The MINI Cooper made its return to the U.S. in 2002 under the BMW umbrella. This small and nimble people hauler became an immediate cult classic, drawing in buyers seeking something different from the subcompact hatchbacks of the world.

So is this tiny hatchback effective at being an everyday car, or is it just a niche vehicle carved out for a specific demographic? Continue reading to find out.

Pricing and Equipment

The 2017 MINI Cooper Hardtop comes in a variety of flavors and tunes. With these variations come pricing changes and stylistic mods. Prices start from $21,800 for the base model and range to $31,750 for the performance-oriented John Cooper Works model (delivery fees included).

In its base setup, the Cooper Hardtop comes standard with:

  • Fifteen-inch alloy wheels
  • Automatic headlights and wipers
  • Heated mirrors
  • Keyless ignition
  • Automatic climate control
  • Six-speaker audio system with 6.5-inch display
  • Leatherette upholstery

Buyers looking for extra goodies can add optional bits, such as the John Cooper Works Exterior Package ($2,990), the Wired Package ($1,610), the Premium Package ($1,655), and more.

Performance Pros

MINI Hardtop

Performance ranges greatly between the various versions of the Cooper Hardtop. The most balanced of the models is the Cooper S with its 189-horsepower engine, but those looking for unreal performance would prefer the 228-horsepower JCW model.

  • Up to 228 horsepower at your disposal
  • Precision handling in all versions
  • We noted great fuel economy across the range for guilt-free fun

Performance Cons

While its John Cooper Works performance variant is incredibly fun, we found it to be a little uncontrollable at times. We also think the shifter feels a little clunky, pulling us back to our grocery-getting reality.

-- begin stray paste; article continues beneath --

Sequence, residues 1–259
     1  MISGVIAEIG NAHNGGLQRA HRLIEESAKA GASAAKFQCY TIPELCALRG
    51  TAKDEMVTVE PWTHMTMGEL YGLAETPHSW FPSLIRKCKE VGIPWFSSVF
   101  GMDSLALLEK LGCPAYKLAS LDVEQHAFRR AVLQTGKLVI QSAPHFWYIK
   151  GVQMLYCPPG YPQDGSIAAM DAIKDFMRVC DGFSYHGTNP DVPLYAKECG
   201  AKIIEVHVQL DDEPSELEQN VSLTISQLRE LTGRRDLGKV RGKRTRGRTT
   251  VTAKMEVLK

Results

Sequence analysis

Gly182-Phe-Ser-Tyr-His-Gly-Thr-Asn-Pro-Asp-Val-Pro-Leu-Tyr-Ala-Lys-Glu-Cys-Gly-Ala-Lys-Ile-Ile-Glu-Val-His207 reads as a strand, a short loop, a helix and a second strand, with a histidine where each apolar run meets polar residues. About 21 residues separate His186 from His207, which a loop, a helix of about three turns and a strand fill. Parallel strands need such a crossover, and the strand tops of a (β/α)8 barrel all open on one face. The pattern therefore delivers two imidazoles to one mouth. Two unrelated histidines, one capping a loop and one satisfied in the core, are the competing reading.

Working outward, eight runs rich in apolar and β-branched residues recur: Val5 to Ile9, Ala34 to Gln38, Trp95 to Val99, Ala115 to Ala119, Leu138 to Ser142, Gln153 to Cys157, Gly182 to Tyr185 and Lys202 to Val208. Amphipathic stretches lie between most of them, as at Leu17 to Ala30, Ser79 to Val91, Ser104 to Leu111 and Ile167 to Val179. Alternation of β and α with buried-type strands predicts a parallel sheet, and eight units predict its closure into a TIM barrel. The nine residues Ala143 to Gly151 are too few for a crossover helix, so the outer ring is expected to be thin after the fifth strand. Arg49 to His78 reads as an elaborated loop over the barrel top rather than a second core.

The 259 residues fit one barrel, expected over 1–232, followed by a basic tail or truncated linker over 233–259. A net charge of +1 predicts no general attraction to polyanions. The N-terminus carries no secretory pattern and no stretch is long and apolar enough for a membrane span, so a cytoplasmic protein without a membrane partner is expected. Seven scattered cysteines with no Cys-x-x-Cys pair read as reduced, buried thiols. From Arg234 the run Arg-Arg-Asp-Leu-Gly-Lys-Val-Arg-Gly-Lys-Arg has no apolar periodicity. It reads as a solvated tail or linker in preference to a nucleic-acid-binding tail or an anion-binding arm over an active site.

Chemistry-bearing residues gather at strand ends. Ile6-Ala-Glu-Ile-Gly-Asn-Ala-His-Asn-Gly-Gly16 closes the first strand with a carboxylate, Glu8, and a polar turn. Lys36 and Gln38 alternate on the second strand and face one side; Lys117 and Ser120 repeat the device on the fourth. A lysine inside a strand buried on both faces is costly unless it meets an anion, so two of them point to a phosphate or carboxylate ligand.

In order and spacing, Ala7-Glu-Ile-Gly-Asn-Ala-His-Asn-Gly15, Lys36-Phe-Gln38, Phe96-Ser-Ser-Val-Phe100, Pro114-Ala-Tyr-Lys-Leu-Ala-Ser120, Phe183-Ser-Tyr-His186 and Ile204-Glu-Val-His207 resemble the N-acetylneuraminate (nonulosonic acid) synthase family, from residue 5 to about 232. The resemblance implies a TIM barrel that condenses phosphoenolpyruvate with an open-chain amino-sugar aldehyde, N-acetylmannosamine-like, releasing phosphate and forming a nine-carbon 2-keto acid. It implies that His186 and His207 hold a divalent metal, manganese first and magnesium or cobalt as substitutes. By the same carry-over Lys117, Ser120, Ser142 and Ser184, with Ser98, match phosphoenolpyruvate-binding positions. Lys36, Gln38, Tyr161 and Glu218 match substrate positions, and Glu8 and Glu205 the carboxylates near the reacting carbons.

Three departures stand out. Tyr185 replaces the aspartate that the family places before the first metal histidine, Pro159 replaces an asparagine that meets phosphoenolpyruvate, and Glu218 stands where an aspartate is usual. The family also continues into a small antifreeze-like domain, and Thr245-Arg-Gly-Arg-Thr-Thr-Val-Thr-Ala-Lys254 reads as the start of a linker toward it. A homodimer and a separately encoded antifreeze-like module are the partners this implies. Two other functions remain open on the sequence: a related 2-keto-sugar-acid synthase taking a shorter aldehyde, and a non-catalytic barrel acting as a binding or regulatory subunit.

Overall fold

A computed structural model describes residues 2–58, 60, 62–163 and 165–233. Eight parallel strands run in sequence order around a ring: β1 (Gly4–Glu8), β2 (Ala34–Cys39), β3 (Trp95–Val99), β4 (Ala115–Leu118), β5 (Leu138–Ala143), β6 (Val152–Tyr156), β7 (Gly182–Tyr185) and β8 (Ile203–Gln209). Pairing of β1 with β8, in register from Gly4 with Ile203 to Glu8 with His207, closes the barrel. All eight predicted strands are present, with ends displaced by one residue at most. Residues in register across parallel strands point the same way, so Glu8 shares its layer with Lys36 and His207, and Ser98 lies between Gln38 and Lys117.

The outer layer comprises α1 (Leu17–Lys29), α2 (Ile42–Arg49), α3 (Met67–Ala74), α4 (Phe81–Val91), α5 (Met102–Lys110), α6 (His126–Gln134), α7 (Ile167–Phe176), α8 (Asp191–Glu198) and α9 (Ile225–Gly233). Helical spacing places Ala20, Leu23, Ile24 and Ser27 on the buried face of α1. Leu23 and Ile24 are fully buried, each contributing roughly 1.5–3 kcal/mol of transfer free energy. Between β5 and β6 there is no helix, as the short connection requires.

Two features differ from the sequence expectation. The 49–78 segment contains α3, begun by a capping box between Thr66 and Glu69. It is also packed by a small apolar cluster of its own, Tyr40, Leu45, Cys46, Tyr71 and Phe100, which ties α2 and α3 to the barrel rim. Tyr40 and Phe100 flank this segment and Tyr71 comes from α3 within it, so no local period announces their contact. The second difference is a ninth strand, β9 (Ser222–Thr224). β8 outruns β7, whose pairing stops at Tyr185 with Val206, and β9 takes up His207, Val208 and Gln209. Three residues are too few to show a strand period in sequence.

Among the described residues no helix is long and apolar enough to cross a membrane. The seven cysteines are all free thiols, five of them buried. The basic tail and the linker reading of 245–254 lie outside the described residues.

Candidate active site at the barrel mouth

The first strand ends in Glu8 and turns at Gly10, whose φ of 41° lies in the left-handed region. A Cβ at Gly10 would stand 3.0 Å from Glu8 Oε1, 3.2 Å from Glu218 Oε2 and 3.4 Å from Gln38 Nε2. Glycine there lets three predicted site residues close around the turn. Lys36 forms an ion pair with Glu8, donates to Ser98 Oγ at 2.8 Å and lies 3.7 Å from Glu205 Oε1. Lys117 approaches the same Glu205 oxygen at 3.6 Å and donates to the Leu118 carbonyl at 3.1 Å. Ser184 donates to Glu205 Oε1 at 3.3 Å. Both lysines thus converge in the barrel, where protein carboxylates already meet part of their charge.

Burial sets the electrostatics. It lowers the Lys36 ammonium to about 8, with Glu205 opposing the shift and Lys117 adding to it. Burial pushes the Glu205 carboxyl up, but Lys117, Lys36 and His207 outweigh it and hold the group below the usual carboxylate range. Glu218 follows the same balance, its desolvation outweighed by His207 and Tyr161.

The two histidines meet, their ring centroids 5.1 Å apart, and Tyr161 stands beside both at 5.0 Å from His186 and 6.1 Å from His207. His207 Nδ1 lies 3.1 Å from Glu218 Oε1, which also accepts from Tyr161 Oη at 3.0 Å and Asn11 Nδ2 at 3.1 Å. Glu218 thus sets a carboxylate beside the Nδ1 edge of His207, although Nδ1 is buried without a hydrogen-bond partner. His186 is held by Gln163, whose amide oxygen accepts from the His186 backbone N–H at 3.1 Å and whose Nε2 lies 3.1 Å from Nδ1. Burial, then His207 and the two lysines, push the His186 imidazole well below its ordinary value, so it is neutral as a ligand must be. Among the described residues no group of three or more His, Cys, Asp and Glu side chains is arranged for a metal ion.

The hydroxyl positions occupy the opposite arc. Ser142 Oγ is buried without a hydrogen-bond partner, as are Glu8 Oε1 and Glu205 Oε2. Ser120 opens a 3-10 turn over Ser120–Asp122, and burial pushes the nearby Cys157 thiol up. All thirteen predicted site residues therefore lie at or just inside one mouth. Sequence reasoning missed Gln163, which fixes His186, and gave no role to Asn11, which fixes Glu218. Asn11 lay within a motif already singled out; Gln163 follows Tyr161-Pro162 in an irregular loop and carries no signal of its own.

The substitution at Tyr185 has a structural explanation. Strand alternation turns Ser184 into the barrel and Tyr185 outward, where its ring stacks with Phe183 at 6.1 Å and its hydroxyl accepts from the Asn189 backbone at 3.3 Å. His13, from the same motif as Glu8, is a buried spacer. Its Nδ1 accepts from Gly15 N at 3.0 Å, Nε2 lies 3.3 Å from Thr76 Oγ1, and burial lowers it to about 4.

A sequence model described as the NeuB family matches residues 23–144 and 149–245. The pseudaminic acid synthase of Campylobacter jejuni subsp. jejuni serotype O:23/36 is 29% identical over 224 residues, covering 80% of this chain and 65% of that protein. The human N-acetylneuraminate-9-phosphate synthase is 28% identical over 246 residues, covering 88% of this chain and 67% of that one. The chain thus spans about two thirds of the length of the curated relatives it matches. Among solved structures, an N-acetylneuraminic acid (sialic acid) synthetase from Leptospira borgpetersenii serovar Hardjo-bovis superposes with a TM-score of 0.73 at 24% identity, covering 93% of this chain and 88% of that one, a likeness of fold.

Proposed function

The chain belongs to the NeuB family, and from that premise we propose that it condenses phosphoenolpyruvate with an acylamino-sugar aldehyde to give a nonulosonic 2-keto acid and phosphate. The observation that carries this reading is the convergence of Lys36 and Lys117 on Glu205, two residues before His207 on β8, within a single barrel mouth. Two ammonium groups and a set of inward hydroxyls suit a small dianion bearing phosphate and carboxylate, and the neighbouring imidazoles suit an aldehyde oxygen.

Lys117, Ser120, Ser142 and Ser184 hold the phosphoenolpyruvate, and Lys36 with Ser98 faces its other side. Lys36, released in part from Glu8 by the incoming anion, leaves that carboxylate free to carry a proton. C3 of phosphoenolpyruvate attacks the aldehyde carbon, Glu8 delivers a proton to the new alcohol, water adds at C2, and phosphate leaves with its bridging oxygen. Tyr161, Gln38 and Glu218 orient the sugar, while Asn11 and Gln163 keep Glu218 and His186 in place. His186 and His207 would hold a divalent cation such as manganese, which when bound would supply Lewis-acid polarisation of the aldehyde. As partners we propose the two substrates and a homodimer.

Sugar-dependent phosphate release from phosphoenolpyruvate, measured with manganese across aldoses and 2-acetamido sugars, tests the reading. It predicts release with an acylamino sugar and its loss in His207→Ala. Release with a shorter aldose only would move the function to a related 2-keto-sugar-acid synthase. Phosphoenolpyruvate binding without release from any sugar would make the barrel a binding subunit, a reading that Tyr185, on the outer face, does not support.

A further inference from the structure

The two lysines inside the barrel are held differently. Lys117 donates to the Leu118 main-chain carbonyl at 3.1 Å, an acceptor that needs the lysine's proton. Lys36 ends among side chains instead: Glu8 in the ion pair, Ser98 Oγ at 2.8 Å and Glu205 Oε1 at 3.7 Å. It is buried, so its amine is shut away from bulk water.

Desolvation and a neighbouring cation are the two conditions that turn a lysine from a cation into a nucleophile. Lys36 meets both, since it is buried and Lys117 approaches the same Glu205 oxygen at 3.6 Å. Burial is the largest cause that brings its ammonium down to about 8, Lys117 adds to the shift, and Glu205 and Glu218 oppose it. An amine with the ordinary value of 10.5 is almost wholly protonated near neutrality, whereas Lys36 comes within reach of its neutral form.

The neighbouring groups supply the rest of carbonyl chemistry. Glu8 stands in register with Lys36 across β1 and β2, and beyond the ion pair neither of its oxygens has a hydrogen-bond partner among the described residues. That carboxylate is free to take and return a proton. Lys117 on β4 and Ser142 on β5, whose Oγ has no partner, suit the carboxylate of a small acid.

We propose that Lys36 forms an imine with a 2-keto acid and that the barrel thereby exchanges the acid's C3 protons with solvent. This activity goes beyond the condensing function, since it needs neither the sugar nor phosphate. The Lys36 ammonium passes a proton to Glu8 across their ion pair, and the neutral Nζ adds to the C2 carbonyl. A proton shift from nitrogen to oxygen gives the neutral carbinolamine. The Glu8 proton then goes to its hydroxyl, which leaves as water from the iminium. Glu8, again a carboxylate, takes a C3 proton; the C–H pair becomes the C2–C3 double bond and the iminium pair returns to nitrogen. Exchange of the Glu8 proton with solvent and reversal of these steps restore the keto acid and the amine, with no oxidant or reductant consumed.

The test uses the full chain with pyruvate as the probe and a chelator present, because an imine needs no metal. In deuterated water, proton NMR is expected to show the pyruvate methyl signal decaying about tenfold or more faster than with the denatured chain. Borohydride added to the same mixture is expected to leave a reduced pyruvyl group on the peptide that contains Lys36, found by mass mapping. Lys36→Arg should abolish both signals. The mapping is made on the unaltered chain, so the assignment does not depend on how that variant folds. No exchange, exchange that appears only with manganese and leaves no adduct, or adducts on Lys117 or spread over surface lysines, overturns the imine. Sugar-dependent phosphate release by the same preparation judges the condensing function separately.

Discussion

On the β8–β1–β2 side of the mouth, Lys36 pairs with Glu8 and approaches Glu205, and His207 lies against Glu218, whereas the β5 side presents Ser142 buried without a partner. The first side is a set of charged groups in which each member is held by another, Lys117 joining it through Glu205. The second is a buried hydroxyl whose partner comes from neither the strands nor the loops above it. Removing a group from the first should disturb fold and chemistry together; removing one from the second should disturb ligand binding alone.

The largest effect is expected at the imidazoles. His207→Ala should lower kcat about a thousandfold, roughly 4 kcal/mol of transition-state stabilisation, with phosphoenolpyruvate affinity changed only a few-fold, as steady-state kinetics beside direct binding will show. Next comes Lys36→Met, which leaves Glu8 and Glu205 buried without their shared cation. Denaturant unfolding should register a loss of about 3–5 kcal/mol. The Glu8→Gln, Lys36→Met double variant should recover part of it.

• The JCW model is quite hard to tame at times
  • Shifter felt a tad inaccurate, killing the fun for a split second
  • While we're okay with it, some buyers may find the ride a bit too stiff

Interior Pros

MINI Hardtop

We're pleased that MINI relocated the speedometer behind the steering wheel, giving the dashboard a more conventional layout. Headroom is also surprisingly generous, taking tall folks in stride. The MINI represses road noise well, but without silencing a pleasant exhaust note.

  • The speedometer is now where it’s supposed to be
  • Taller adults won’t feel like they’re about to bump their heads
  • Noise level is a great balance of peace and feedback, particularly on the S model

Interior Cons

As expected, there isn't much storage space in a MINI—you'll find just 8.7 cubic feet of cargo room with the rear seats in place. Even with the seats down, the Cooper Hardtop only offers 38 cubes. Speaking of those rear seats, we suggest not subjecting your adult friends to too many hours in such cramped quarters.

  • Tiny cargo area limits the daily-driver usability of the Cooper
  • Miniscule rear seats make this a tough buy for anyone who needs a back seat
  • Despite design improvements, the interior remains a sea of dreary black

The Most Pleasant Surprise

The delicate balance of road noise and peacefulness when driving the Cooper Hardtop was one of our biggest surprises. In this class, you typically expect to hear every single bump and groove in the road, but the Cooper does a great job balancing this out.

The Least Pleasant Surprise

While you may be tempted to check the JCW box to get that 228-horsepower 2-liter engine, you may want to think twice. Power delivery is dramatic and it can take serious effort to maintain complete control under heavy throttle. Some may find this enjoyable, but many daily drivers will prefer something a bit more manageable.

The Bottom Line

It’s good but not great. The MINI Cooper Hardtop is just what we expected it to be: a niche car. It doesn’t do car things (hauling people and cargo) too well, but its combination of sportiness, funkiness, and thriftiness may be exactly what you’re looking for.